Expansionist deals are more likely to have a clear investment
thesis, while "transformative" deals often have no credible
The market is likely to reward the former and punish the latter.
The dilution/accretion debate. One more side discussion that comes to bear on the investment thesis: Deal making is often driven by what we'll call the dilution/accretion debate. We will argue that this debate must be taken into account as you develop your investment thesis, but your thesis making should not be driven by this debate.
Unlike SS and LS, WS requires only that physical duplicates are mental duplicates within possible worlds, thereby allowing that physical duplicates differ mentally across possible worlds. So unlike SS and LS, WS allows that you could have had different mental properties from those you actually have without differing in any physical way. But if you could have had different mental properties without differing physically in any way, then the mental facts about you do not depend solely on the way you are physically, which seems to be contrary to Physicalism. Thus, SS and LS are preferable to WS.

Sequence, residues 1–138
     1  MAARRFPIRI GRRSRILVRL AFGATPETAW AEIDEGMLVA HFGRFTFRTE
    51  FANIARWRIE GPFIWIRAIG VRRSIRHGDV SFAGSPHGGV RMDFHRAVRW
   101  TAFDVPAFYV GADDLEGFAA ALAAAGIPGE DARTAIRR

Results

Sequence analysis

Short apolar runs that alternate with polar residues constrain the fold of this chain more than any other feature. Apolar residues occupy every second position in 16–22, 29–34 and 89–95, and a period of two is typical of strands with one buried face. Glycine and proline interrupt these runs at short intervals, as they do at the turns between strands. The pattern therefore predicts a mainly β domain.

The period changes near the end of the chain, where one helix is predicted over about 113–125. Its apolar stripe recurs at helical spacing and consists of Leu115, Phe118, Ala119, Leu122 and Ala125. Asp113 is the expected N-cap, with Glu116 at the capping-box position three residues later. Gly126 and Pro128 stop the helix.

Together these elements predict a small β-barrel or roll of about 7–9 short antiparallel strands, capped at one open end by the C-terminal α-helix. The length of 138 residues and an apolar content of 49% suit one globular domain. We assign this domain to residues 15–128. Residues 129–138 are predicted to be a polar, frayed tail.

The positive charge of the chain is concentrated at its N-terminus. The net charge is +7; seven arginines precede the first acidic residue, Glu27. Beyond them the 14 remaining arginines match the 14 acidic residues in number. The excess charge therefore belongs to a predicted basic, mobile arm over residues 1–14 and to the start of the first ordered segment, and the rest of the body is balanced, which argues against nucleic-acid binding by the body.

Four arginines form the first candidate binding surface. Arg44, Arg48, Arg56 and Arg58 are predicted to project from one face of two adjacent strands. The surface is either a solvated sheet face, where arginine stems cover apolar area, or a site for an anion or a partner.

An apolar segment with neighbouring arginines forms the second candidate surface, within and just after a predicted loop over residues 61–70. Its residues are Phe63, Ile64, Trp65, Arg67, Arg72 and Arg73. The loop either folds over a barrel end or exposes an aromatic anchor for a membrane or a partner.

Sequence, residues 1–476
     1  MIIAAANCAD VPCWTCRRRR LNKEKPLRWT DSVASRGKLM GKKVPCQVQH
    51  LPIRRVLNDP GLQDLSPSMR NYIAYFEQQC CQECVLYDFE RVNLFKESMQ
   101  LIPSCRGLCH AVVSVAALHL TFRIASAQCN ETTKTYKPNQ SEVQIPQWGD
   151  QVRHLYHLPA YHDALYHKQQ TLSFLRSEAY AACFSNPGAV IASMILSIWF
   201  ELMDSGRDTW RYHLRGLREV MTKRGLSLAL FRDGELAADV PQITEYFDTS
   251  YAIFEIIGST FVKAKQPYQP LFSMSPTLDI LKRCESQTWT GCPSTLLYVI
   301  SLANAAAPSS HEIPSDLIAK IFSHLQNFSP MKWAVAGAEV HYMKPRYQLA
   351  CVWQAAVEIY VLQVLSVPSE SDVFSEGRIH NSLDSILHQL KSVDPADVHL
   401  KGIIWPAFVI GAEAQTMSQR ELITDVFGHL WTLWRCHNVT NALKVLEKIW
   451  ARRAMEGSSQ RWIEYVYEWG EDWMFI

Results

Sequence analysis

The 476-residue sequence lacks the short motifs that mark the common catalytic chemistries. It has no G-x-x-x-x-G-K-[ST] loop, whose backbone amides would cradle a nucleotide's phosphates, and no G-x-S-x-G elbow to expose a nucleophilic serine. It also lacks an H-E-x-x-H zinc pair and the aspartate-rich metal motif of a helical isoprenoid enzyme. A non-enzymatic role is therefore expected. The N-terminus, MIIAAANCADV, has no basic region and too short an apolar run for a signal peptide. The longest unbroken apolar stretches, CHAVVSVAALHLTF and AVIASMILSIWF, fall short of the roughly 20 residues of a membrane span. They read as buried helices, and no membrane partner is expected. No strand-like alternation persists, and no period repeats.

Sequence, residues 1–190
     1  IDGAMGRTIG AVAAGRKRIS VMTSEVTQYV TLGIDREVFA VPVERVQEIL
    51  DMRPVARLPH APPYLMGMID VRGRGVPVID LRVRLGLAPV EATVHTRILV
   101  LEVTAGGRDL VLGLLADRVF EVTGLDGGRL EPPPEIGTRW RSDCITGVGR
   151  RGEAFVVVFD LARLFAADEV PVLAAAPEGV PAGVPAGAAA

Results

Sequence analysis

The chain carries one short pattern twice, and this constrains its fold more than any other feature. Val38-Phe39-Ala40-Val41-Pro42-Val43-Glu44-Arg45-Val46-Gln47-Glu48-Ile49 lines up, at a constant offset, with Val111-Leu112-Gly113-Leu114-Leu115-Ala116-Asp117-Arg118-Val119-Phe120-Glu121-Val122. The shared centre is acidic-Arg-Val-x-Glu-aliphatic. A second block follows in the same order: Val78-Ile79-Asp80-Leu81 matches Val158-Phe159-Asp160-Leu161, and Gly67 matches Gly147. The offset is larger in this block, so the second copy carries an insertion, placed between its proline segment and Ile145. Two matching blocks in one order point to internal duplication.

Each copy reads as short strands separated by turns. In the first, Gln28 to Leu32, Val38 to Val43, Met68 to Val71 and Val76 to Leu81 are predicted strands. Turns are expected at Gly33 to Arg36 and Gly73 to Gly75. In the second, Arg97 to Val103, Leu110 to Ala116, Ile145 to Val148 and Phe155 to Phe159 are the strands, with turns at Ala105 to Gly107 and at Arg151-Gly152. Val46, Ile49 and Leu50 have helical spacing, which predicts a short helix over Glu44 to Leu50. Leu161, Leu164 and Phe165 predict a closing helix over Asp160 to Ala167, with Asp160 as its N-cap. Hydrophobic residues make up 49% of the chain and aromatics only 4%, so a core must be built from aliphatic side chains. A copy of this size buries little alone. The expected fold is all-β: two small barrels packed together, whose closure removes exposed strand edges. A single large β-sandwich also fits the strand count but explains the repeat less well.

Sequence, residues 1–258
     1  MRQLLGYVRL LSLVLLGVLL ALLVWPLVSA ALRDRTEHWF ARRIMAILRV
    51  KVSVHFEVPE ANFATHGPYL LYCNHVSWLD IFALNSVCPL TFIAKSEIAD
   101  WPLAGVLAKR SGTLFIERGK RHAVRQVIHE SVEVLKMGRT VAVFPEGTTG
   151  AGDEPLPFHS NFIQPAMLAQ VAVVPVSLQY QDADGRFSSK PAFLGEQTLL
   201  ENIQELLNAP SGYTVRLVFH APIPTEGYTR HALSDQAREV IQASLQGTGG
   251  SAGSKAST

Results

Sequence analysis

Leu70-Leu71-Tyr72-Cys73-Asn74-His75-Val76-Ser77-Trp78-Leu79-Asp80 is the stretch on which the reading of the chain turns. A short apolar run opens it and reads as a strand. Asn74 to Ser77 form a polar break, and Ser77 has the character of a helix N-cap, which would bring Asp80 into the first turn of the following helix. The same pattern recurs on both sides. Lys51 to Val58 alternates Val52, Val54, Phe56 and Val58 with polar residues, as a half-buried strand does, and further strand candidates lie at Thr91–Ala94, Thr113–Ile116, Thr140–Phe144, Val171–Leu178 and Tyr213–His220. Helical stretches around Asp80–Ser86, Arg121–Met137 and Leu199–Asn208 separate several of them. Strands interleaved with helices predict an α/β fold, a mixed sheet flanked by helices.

The metaphysically interesting aspect of emergence is the question of what it takes for there to be genuinely distinct things. In other words, the question is whether a plausible metaphysical distinction can be made between things that are “nothing over and above” what constitutes them and those things that are “something over and above” their constituent parts. The notion of strong emergence that is predominant in philosophy is meant to capture this ontological distinction that was part of the initial motivation of the British emergentists and which is lacking in discussions of weak emergence.